12 Songs, 35 Minutes

EDITORS’ NOTES

Like many of Nina Simone’s mid-‘60s recordings The High Priestess of Soul is a dazzlingly eclectic showcase for Simone’s incomparable interpretive and compositional talents. In its wide-ranging stylistic diversity, it functions as a personal history of Afircan-American song, relayed from Simone to the listener. She injects the melodramatic, string drenched arrangements of standards like “I Love My Baby” and “I’m Gonna Leave You” with a sense of emotional vulnerability that deconstructs the smooth veneer of more polished balladeers like Sarah Vaughn and Dinah Washington, who Simone doubtless looked to for inspiration. Her willfully eccentric performances ensure that even when she is paying tribute to the influence of a master, as on her rollicking take on Chuck Berry’s “Brown Eyed Handsome Man,” she does so on her own terms. Though the material here is uniformly strong, Simone’s impassioned, gospel-tinged compositions “Take Me to The Water” and “Come Ye” are the albums high point; particularly the spare but propulsive “Come Ye,” that sees Nina Simone delivering incantatory verses over deliberately unhinged percussion. Perhaps the strongest album that Simone released during her tenure at Phillips, The High Priestess of Soul is a stunning transitional work that sees her staking claim to her rich musical inheritance.

EDITORS’ NOTES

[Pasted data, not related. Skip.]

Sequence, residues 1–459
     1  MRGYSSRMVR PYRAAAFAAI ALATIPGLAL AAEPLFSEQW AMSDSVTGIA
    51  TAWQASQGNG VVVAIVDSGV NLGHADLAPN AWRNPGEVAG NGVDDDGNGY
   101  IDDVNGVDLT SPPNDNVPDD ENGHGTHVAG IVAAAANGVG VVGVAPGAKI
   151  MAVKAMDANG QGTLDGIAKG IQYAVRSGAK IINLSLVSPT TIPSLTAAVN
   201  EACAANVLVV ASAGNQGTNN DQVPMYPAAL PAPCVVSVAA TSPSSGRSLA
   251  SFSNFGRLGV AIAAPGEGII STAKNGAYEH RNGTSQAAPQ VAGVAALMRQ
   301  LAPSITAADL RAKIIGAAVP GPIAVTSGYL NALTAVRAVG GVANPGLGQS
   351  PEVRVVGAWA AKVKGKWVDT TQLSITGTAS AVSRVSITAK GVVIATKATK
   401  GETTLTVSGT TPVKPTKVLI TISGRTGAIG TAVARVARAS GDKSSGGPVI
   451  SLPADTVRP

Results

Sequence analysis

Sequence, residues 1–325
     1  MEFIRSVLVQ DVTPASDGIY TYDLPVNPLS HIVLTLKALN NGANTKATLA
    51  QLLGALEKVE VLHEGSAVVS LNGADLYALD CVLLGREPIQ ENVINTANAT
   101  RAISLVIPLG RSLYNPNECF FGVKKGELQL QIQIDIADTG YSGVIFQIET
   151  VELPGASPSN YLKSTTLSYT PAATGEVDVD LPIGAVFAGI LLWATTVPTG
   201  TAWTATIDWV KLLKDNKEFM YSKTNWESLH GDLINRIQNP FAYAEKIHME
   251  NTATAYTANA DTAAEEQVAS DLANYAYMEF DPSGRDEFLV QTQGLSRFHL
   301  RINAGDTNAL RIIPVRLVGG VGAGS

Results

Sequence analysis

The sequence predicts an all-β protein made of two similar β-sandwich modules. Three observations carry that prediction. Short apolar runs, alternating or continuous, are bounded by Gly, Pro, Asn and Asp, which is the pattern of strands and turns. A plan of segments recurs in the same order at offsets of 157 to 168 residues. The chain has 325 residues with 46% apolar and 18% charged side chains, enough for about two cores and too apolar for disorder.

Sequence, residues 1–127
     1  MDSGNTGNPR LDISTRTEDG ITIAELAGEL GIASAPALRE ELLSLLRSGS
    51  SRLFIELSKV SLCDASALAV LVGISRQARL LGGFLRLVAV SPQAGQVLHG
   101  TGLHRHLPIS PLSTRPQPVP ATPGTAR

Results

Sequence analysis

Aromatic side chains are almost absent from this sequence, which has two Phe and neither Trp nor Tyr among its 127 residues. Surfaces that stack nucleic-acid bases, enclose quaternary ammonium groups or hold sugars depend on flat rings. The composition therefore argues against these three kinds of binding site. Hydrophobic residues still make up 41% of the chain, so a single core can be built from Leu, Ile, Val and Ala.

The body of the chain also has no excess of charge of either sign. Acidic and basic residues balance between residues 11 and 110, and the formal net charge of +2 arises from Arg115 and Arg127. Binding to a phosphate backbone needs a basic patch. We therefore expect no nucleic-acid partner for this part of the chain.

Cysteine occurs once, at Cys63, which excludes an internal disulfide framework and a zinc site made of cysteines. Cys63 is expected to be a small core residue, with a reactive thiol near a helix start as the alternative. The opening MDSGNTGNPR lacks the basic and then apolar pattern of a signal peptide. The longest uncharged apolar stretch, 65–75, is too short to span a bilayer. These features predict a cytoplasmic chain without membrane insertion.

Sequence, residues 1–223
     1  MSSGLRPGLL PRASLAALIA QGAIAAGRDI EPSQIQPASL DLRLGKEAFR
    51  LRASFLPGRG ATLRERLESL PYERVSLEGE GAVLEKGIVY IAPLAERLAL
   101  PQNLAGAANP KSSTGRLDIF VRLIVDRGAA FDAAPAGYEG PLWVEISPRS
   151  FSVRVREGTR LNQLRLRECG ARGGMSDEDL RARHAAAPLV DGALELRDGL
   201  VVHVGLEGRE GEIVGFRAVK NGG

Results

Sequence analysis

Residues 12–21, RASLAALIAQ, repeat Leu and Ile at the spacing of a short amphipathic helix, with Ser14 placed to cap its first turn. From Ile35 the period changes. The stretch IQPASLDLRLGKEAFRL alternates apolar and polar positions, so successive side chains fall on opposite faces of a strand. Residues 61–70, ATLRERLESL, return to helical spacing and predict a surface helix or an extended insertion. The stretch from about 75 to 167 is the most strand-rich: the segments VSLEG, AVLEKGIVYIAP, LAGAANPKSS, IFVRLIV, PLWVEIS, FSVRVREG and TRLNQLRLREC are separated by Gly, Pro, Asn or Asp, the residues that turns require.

Like many of Nina Simone’s mid-‘60s recordings The High Priestess of Soul is a dazzlingly eclectic showcase for Simone’s incomparable interpretive and compositional talents. In its wide-ranging stylistic diversity, it functions as a personal history of Afircan-American song, relayed from Simone to the listener. She injects the melodramatic, string drenched arrangements of standards like “I Love My Baby” and “I’m Gonna Leave You” with a sense of emotional vulnerability that deconstructs the smooth veneer of more polished balladeers like Sarah Vaughn and Dinah Washington, who Simone doubtless looked to for inspiration. Her willfully eccentric performances ensure that even when she is paying tribute to the influence of a master, as on her rollicking take on Chuck Berry’s “Brown Eyed Handsome Man,” she does so on her own terms. Though the material here is uniformly strong, Simone’s impassioned, gospel-tinged compositions “Take Me to The Water” and “Come Ye” are the albums high point; particularly the spare but propulsive “Come Ye,” that sees Nina Simone delivering incantatory verses over deliberately unhinged percussion. Perhaps the strongest album that Simone released during her tenure at Phillips, The High Priestess of Soul is a stunning transitional work that sees her staking claim to her rich musical inheritance.

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